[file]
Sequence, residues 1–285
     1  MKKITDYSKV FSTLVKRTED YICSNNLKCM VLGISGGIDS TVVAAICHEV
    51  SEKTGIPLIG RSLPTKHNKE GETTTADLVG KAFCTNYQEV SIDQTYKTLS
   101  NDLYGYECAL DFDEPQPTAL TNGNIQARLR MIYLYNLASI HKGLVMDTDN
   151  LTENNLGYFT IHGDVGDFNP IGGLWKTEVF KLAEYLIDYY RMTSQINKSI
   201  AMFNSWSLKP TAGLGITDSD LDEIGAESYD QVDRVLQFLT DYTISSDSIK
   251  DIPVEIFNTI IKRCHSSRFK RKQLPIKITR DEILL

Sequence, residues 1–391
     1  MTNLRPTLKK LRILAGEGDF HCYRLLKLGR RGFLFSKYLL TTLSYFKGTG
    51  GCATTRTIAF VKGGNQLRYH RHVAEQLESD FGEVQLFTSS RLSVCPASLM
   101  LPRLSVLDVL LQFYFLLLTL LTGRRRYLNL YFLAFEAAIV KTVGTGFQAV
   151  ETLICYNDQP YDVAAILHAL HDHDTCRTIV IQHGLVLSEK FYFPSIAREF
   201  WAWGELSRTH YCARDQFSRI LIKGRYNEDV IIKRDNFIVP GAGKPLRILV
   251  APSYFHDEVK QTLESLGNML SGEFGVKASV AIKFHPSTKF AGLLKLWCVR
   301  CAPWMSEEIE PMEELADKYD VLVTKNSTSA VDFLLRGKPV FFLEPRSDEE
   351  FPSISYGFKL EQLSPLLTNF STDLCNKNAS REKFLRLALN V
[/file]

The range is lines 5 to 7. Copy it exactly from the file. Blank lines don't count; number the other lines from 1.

   151  LTENNLGYFT IHGDVGDFNP IGGLWKTEVF KLAEYLIDYY RMTSQINKSI
   201  AMFNSWSLKP TAGLGITDSD LDEIGAESYD QVDRVLQFLT DYTISSDSIK
   251  DIPVEIFNTI IKRCHSSRFK RKQLPIKITR DEILL